Growth Team – Consider spinning up a dedicated growth team with engineers able to ship new in-app functionality. Responsibility for the customer funnel and underlying infrastructure is generally shared between marketing and growth teams, with growth team usually taking ownership of the funnel from the point of user signup onward. The growth team is generally a part of either application engineering, or the data/BI team. A growth team sits at the intersection of engineering, marketing, and BI/data analysis.
Machine Learning Expertise – Consider spinning up a machine learning team to help generating more complex insights into customer behavior. This may be assigned to the growth or BI/data analysis teams.
Net Promoter Score – This customer success metric is used by companies like Slack to assess the subjective product experience, by asking customers to score your product between 1 and 10 based on how likely they are to recommend the product to a friend or colleague. Tracking NPS changes over time provides useful directional feedback. Consider implementing into customer satisfaction surveys, or asking directly in-app via a tool such as Marketo or Customer.io.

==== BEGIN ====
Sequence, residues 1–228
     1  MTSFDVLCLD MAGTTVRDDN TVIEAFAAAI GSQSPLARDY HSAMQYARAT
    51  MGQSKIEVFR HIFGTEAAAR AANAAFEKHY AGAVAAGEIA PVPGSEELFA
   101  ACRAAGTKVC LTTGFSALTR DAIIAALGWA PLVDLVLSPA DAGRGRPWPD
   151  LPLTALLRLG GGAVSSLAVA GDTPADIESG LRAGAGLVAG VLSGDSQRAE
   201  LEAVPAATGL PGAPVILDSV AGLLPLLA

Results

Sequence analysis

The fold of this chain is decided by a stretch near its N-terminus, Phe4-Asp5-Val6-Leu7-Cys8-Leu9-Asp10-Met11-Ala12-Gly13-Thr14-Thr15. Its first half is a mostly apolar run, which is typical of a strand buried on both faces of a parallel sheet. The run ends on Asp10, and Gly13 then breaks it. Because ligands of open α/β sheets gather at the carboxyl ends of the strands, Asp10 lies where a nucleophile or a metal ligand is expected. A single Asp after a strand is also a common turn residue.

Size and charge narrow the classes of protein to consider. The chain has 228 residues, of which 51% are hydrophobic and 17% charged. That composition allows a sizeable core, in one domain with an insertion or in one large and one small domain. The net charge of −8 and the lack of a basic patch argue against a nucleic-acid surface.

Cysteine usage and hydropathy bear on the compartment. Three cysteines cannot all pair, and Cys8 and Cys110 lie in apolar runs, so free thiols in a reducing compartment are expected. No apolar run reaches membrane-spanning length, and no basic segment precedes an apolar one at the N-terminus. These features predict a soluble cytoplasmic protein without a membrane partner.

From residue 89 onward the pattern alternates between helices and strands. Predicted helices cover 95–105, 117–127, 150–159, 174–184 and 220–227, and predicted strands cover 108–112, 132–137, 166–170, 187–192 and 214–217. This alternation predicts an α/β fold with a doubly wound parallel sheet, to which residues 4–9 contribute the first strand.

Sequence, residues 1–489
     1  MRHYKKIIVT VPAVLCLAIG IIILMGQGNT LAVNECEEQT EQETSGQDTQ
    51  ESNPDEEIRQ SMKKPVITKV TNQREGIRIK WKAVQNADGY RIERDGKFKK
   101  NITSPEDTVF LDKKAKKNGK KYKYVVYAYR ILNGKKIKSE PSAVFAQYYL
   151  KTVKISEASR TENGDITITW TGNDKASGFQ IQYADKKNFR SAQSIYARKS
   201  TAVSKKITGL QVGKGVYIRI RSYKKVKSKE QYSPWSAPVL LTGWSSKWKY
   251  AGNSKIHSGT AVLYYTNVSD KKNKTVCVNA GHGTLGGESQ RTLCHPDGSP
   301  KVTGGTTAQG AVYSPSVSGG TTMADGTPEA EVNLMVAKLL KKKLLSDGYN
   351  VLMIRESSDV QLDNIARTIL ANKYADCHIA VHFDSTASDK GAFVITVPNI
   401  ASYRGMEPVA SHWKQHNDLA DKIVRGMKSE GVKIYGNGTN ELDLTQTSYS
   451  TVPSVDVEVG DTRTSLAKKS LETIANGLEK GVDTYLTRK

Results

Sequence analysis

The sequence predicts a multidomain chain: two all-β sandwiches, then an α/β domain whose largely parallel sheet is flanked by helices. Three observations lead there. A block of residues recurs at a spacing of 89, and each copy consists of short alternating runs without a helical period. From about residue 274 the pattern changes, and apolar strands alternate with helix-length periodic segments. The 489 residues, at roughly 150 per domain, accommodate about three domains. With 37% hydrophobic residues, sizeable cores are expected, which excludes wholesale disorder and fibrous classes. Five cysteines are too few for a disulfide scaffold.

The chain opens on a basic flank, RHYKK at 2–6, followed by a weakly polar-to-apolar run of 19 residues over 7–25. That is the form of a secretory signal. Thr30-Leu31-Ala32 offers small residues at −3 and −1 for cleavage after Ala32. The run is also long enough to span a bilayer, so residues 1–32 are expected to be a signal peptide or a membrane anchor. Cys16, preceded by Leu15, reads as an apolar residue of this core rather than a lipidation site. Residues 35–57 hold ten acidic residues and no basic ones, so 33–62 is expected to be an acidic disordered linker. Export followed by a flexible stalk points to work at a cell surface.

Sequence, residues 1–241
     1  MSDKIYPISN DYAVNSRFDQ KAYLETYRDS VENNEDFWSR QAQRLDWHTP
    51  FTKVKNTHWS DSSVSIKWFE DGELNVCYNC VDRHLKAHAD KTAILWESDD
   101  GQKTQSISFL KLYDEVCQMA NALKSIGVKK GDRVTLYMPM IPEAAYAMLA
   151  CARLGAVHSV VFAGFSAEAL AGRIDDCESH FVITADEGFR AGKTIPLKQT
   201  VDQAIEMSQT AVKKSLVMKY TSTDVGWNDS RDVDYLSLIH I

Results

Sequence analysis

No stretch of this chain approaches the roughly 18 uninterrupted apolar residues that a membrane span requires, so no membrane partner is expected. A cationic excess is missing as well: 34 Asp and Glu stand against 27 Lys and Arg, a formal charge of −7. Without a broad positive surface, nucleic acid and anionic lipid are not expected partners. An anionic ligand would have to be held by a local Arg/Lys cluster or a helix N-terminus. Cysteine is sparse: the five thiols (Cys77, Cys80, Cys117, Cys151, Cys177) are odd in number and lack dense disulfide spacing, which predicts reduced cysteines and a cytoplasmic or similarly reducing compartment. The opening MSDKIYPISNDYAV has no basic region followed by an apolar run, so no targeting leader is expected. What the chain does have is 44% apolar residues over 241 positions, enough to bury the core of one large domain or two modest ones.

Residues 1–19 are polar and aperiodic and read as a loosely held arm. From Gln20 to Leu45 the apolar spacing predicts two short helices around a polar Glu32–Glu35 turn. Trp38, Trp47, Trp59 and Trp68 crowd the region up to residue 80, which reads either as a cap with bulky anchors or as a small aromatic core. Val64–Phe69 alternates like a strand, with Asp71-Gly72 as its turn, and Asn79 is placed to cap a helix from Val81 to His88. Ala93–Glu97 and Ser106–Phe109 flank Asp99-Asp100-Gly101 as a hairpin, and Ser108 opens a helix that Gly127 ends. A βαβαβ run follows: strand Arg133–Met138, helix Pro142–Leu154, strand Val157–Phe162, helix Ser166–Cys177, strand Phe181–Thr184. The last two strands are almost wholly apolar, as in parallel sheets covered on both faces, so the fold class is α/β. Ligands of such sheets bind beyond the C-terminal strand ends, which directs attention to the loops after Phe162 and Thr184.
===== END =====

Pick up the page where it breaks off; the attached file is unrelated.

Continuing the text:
Win/Loss Analysis – Product managers are often brought onboard during enterprise sales to help evaluate customer requirements, or to support a key sale. This can often position them for the role of an impartial reviewer in a win/loss interview after the sales process concludes. Identifying the real reasons why a sale succeed or failed can be difficult, but often produces great product input.
Customer Lifecycle Nurturing – Expand the onboarding process and email nurture to provide tailored customer journey based on their persona and use cases. For example, an Atlassian customer who signed up for the JIRA project management tool via a campaign relating to the Scrum development methodology can be opted into a ‘Scrum’ use-case. This can be used to customize email campaigns, the onboarding wizard and in-application content.
Customer Feature Usage Report – The data warehouse should be setup with a date-based usage report that lists all users and how many times they have used each major product feature during a given period. This is often daily but may be weekly for easier processing. Feature usage should also be aggregated at the account level.